Antarctic Ice Sheet history and Scotia Sea evolution: re-evaluation of the paradigm that ocean circulation changes controlled development of the Antarctic cryosphere

graeme.eagles [ at ]


The fact that circum-Antarctic ocean circulation and the Antarctic cryosphere developed in parallel during the Cenozoic era was revealed by results from Antarctic and Southern Ocean Deep Sea Drilling Project (DSDP) legs in the 1970s. This association provided the basis for the paradigm that development of the Antarctic Circumpolar Current (ACC) reduced meridional heat transport, isolated the continent within an annulus of cold water, and was thus the main cause of intensifying glaciation (e.g. Kennett, 1977). From 1970s DSDP results it was already clear that the main glacial-climatic thresholds had been crossed near the Eocene-Oligocene boundary, during the Middle Miocene and during the Late Pliocene. Subsequent more detailed studies and increasingly refined timescales have narrowed down the times of these steps in environmental evolution to 34.0–33.6, 14.2–13.8 and 3.3–2.5 Ma. A challenge to the paradigm emerged ten years ago from a coupled climate-ice sheet modelling study (DeConto and Pollard, 2003). The modelling results suggested that ice sheet feedbacks associated with declining atmospheric pCO2 may have been sufficient to cause rapid growth of the Antarctic Ice Sheet at around the time of the Eocene-Oligocene boundary in the absence of any changes in ocean circulation. Remarkably, these results also suggested ice sheet growth in two steps within 0.5 Myr, which was subsequently confirmed by detailed palaeoceanographic data (Coxall et al., 2005). DeConto & Pollard (2003) did, however, also attempt to model the effect of ACC onset by using a parameterized 20% increase in southward ocean heat transport to simulate ice sheet growth with Drake Passage closed. The results suggested that ACC onset resulting from opening of Drake Passage could have been the critical factor controlling the timing of ice sheet inception, but only if atmospheric pCO2 was between 2.5 and 3 times pre-industrial level (i.e. in the range 700–840 ppmv). A recent estimate of past atmospheric pCO2 levels derived from alkenones in marine sediments suggests that they were decreasing rapidly at around the time of the Eocene-Oligocene boundary, but may have been within this critical range during the period of rapid ice sheet growth (Pagani et al., 2011). Other modelling studies incorporating more realistic ocean components have cast doubt on the notion that ACC onset caused a significant reduction in southward ocean heat transport (e.g. Huber and Nof, 2006). In contrast, another study incorporating an ocean general circulation model suggests that southward ocean heat transport and Antarctic air temperatures would have been significantly greater with Drake Passage closed at higher atmospheric pCO2 (Sijp et al., 2009). Indeed, Sijp et al. (2009) conclude that Drake Passage being closed is a necessary condition for ice-free Antarctic conditions at high pCO2. Even if future, more sophisticated modelling studies rule out the possibility that ACC onset could have caused a significant reduction in southward ocean heat transport, it remains possible that ocean circulation changes were the primary cause of earliest Oligocene global environmental changes through their impacts on the carbon cycle. The ACC is today the strongest current in the world’s ocean and the main pathway of nutrient exchange between the Pacific, Atlantic and Indian oceans. Thus, onset of ACC flow may have increased productivity and accelerated CO2 drawdown. The Early Oliogocene expansion of the zone of accumulation of biosiliceous facies in the Southern Ocean could have resulted from such increased productivity. Onset of ACC flow through Drake Passage could, however, only have been a contributory factor to earliest Oligocene Antarctic Ice Sheet growth if a deep-water pathway opened at or before 34 Ma. Estimates of when a deep gap first opened extend over a wide range of ages, from Late Eocene to earliest Miocene. Reconstructions of major plate motions indicate divergence between South America and Antarctica started in the Eocene, but the details of how this divergence was manifested in Drake Passage also depend on the evolution of local, short-lived small plates, which shunted continental fragments around and formed small basins. Moreover, even if a deep gap had formed in the vicinity of Drake Passage by 34 Ma, continental fragments to the east and subduction-related topography around the early Scotia Arc may have delayed ACC development further (Barker and Burrell, 1982). Thus, considerable uncertainty remains about the timing of onset of ACC flow through Drake Passage and its possible role in environmental changes in the earliest Oligocene. Further geophysical and drilling investigations are needed to resolve the early history of this important ocean gateway. Middle Miocene development of both the western Scotia Sea and the East Scotia Sea is well- constrained by undisputed interpretations of marine magnetic anomalies. Debate continues, however, about the age of linear magnetic anomalies in part of the central Scotia Sea lying to the southwest of South Georgia, with interpretations of their ages ranging from Cretaceous to Miocene. Regardless of the true age of this part of the Scotia Sea, it is clear that at the beginning of the Middle Miocene continental and remnant arc fragments formed almost continuous barriers along the North Scotia Ridge and South Scotia Ridge. It is likely that the Scotia Sea was also enclosed to the east by a palaeo-South Sandwich arc, which would have extended southwards from the southern tip of the South Georgia continental block to Discovery Bank. It is not clear whether or not the narrow, >3000 m-deep gap in the North Scotia Ridge at 48 ̊W, through which the modern Polar Front passes, had already formed by then. If this gap is a product of subsequent strike-slip displacement along the Scotia–South America plate boundary, then ACC flow at the start of the Middle Miocene might have been more limited than it is now. The early Middle Miocene step in global environmental evolution coincides with the time that a deep-water gap is likely to have opened to the east of South Georgia as a result of back-arc spreading in the East Scotia Sea (Larter et al., 2003), and we suggest the possibility that there might be a causal link merits further investigation. Opening of deep-water gaps along the South Scotia Ridge in the Middle Miocene allowed Weddell Sea Deep Water to flow into the Scotia Sea. Although this deep inflow must have uplifted less dense water masses in the Scotia Sea, it remains unclear what its effects were on the upper parts of the water column and on flow of the ACC. The Middle Miocene step also followed a slow-down of spreading in the western Scotia Sea, which resulted in formation of a median valley along the ridge axis and generation of rougher sea-floor topography on its flanks. The increase in sea-floor roughness would have increased vertical mixing, which could have enhanced productivity. The median valley along the remnant West Scotia Ridge today steers the Polar Front to the gap in the North Scotia Ridge at 48 ̊W. Thus, for mation of the median valley could have caused the course of the Polar Front to switch from a previous, more southerly path. This would in turn have increased flow over rugged topography to the east of the Falkland Plateau, and thus potentially have increased vertical mixing, enhanced productivity and accelerated CO2 drawdown. Since the Late Miocene the only significant changes in the overall configuration of the Scotia Sea have been further widening of the East Scotia Sea, slow sinistral strike-slip motion along both the North Scotia Ridge and South Scotia Ridge, and slow deformation resulting from transpression along the Shackleton Fracture Zone. It seems unlikely that these changes could have had any significant effect on ACC flow. Therefore, we concur with suggestions that the step in global environmental evolution during the Late Pliocene probably resulted from a decrease in atmospheric pCO2 and rapid variations in insolation that triggered intensification of Northern Hemisphere glaciation.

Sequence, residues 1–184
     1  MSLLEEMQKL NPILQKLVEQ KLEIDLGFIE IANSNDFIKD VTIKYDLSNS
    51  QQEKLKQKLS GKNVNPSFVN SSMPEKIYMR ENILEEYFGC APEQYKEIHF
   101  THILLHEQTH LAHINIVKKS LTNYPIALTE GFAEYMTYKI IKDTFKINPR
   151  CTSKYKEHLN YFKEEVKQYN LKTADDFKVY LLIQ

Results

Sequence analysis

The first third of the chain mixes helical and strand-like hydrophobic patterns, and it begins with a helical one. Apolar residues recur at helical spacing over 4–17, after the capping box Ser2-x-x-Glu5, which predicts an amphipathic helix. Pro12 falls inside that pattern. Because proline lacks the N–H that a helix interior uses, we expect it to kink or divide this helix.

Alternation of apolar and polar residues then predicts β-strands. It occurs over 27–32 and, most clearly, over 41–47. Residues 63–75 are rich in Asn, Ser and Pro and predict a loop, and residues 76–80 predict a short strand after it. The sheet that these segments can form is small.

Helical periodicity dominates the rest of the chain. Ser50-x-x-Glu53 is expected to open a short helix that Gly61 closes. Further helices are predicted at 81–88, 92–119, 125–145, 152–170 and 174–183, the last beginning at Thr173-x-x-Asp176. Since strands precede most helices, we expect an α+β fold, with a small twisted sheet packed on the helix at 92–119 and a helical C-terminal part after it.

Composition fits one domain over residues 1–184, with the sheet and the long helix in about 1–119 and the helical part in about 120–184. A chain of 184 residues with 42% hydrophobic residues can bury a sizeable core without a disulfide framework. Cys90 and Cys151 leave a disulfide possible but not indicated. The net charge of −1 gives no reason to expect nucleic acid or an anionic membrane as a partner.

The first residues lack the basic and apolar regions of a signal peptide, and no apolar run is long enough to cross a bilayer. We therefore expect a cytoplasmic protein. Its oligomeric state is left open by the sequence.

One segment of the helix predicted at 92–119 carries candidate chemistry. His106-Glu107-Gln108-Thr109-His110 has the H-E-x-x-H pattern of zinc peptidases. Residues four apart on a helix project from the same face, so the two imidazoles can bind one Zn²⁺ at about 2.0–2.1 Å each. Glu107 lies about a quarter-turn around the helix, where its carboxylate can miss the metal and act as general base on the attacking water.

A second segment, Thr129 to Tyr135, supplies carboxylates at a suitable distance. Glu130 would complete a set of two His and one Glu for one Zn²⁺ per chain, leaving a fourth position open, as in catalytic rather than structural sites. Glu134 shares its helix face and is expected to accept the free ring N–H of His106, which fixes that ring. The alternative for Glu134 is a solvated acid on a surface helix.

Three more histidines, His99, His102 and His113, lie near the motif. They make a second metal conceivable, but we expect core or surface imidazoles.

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The Scotia Arc: Geodynamic Evolution and Global Implications, 01 Jan 2013 - 01 Jan 1970, IACT Granada, Spain.
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Larter, R. D. , Eagles, G. and Lawver, L. A. (2013): Antarctic Ice Sheet history and Scotia Sea evolution: re-evaluation of the paradigm that ocean circulation changes controlled development of the Antarctic cryosphere , The Scotia Arc: Geodynamic Evolution and Global Implications, IACT Granada, Spain, 2013 - unspecified .